Subject Lines for Reaching Out to Colleagues

It’s easy to get buried in the mountain of emails we receive every day. And it can be hard to remember the names of the colleagues we used to keep in touch with. So how can you reach out to your network again? There are countless ways to get back into contact with them. The best way is through emails. And using a subject line for reconnecting email can break help the ice.

You can get more people to read your mail with the right subject line. This will help you re-establish a personal connection with an old workmate or friend more easily.

Find out how you can make a great subject line for your email with the tips in this article. They are sure to help you rekindle your connection with your network of friends with ease. 

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Photo by Brett Jordan on Unsplash

Why Your Subject Line Matters

The email’s subject line communicates the email’s tone and objective to the recipient. Think of it as the first impression you make on someone. And first impressions matter a lot.

Your recipient probably won’t even bother to look at your email if it has a bad subject line. They’ll just leave it to be forever buried in their inboxes. We don’t want that!

This is why you must give a lot of thought to your email subject. Make it sound specific, friendly, and simple. It’s the deciding factor on how well your email will be received.

What Makes a Good Subject Line?

Many factors add up to a good email subject. Here are the five main ones.

It Is Short and Simple

Subject lines should be short. And by short, we mean under nine words long. This optimal length makes it much easier to understand and read email notifications. Your subject should also be simple. Steer clear of complicated words that may lower the readability of your subject.

Catchy and Interesting

You want your recipient to be interested in what you have to say in your email. One great way to do this is by using a clever subject line that entices them to open the email. You can try phrasing your subject as a question. This way, they can only know the answer by reading the email.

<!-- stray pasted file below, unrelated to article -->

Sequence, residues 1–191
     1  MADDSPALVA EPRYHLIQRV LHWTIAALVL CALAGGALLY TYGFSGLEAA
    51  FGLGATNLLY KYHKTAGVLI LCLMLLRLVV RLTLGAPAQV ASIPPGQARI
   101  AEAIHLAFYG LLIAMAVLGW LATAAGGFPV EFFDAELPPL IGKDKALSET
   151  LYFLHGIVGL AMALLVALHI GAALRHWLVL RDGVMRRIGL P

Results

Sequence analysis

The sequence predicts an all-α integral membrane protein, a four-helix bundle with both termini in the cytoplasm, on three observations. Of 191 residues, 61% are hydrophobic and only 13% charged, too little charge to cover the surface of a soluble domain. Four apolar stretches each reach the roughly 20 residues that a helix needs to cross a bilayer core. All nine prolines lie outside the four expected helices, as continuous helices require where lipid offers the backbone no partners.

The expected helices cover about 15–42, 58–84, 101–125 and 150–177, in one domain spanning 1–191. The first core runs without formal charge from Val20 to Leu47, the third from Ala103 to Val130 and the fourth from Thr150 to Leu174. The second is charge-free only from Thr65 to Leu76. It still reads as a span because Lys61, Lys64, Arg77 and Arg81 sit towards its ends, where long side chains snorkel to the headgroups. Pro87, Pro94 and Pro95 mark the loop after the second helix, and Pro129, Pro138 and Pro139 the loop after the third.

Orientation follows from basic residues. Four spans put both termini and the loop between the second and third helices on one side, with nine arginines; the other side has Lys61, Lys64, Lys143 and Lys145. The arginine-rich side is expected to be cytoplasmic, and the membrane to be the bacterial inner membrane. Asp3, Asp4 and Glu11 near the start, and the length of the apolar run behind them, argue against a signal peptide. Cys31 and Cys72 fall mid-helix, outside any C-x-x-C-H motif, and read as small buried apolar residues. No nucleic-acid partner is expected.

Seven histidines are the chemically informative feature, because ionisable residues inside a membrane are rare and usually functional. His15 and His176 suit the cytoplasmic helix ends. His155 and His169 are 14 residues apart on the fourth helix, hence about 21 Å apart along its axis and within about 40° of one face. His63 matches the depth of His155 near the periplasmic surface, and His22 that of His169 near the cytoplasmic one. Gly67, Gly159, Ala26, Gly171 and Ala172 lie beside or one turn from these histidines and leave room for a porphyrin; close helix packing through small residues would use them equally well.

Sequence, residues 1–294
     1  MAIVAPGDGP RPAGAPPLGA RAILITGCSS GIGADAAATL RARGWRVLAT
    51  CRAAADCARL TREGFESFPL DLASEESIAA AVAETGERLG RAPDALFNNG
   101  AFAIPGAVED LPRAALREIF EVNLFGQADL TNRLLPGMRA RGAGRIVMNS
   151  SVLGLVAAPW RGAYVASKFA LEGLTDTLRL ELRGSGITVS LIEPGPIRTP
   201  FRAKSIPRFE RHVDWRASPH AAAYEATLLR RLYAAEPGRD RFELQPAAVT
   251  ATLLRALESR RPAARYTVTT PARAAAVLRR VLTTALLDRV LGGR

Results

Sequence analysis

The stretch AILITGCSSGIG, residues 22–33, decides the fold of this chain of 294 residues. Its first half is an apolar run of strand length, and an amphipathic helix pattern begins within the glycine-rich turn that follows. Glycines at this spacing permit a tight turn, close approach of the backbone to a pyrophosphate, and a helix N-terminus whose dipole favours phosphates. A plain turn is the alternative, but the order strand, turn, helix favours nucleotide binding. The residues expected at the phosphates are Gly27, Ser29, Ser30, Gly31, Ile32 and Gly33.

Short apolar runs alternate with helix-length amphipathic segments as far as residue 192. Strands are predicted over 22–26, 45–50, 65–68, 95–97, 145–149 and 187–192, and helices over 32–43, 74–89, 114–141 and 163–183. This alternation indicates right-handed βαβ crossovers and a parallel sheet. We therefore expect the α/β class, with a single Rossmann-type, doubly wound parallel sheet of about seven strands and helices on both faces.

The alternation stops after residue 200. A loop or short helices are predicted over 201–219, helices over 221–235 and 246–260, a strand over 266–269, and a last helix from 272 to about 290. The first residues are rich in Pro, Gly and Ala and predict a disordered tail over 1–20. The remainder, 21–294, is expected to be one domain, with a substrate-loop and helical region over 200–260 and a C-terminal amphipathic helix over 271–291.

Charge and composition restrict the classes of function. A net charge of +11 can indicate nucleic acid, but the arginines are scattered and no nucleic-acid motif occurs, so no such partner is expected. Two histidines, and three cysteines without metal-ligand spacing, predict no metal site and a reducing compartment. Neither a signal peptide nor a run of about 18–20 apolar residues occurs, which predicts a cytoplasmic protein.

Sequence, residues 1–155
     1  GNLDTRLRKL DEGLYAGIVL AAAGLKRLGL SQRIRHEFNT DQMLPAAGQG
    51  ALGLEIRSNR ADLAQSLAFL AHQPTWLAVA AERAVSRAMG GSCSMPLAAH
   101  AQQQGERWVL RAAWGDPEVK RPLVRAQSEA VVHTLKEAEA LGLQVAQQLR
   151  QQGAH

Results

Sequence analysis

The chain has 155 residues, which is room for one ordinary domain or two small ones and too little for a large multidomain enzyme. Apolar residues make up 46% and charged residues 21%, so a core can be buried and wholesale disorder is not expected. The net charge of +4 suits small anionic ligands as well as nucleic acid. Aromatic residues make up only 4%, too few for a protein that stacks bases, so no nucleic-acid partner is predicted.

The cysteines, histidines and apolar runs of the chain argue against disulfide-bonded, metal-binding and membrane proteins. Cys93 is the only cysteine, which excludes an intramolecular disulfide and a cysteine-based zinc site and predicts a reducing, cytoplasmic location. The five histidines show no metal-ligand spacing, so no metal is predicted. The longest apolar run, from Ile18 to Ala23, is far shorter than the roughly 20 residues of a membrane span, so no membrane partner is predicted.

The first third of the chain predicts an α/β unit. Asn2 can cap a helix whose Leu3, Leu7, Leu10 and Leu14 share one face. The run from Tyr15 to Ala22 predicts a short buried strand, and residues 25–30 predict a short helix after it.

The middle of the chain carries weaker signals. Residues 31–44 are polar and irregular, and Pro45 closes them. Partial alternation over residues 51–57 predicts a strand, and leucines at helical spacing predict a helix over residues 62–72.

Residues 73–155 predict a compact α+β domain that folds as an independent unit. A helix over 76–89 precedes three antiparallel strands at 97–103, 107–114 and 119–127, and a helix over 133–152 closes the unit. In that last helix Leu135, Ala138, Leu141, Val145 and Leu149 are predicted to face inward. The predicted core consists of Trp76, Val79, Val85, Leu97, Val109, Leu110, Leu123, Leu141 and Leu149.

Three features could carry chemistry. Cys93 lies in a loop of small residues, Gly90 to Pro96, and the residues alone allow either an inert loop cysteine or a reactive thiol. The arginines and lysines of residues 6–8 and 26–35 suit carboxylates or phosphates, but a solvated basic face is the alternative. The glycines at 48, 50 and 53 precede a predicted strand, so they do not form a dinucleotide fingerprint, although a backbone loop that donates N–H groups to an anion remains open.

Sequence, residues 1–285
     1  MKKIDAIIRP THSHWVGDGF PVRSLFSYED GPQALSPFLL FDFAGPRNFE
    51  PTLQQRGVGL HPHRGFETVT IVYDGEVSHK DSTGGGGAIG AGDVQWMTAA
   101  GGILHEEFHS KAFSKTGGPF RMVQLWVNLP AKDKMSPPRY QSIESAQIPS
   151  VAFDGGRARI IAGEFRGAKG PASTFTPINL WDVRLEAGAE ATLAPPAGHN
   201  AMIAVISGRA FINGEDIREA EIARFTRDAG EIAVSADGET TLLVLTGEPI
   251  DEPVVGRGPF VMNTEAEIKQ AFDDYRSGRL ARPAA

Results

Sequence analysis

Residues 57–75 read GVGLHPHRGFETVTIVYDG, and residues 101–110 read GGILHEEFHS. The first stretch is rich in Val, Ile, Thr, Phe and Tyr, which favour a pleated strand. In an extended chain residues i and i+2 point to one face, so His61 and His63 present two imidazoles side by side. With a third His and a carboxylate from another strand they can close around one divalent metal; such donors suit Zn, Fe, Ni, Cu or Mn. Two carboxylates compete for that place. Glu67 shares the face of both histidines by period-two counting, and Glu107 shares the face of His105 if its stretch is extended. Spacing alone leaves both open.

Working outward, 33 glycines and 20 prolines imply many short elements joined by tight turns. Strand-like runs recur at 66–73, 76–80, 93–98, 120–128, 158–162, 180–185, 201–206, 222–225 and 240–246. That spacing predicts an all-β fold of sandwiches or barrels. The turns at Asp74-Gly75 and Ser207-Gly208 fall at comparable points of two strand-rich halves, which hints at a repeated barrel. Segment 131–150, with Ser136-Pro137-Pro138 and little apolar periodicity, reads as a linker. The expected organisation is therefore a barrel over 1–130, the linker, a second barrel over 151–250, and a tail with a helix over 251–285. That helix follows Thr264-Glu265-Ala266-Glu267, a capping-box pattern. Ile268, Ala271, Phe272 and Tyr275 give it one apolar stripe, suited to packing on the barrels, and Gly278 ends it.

It Has a Friendly and Positive Tone.

The tone of your email subject depends on who you’re writing to. You can keep it friendly and casual if it’s for an old friend or colleague. Whatever tone your use for your subject should also be reflected in the rest of your email.

It Has a Personal Touch

Personalized subjects get rid of the apprehension that the email is from a stranger. It helps build trust with your contact. To make a subject more personal, you can mention something the contact likes. You can also include their name in the subject.

Offers Value

State what value your email has to offer. How can your email help the recipient? What can they gain from the email? For example, you have a job position available in your company and want to share it with your friend. State that in your subject. You can say something like “I’ve got an interesting job opportunity for you” or “Want to work with me again?”

15 Examples of Subject Line for Reconnecting Email

  • Can I buy you a coffee?
  • Can we meet up before the big seminar?
  • I would love to know your thoughts on [Topic]
  • Saying hello + a quick question about [Topic]
  • Congrats on the promotion!
  • Checking in since we last spoke
  • Was Looking For Some Expert Advice on [Topic]
  • Have you read [this book] yet?
  • I loved your contribution to the [Project]
  • Saw you on Twitter
  • Remember me?
  • Any Movie Recommendations?
  • It was really nice to see you at [Event].
  • Congratulations on [most recent achievement]
  • Do you know [possible connection]?

Final Thoughts

Striking up a conversation after a long break with friends or colleagues can sometimes feel weird. But if you know the proper topics to mention, it can be much easier to reconnect. 

Send them an email and bring up some great topics you can discuss or things you have in common. Use a subject line for reconnecting email to help you build an instant connection with them.

Subject Lines for Reaching Out to Colleagues

Abir is a data analyst and researcher. Among her interests are artificial intelligence, machine learning, and natural language processing. As a humanitarian and educator, she actively supports women in tech and promotes diversity.

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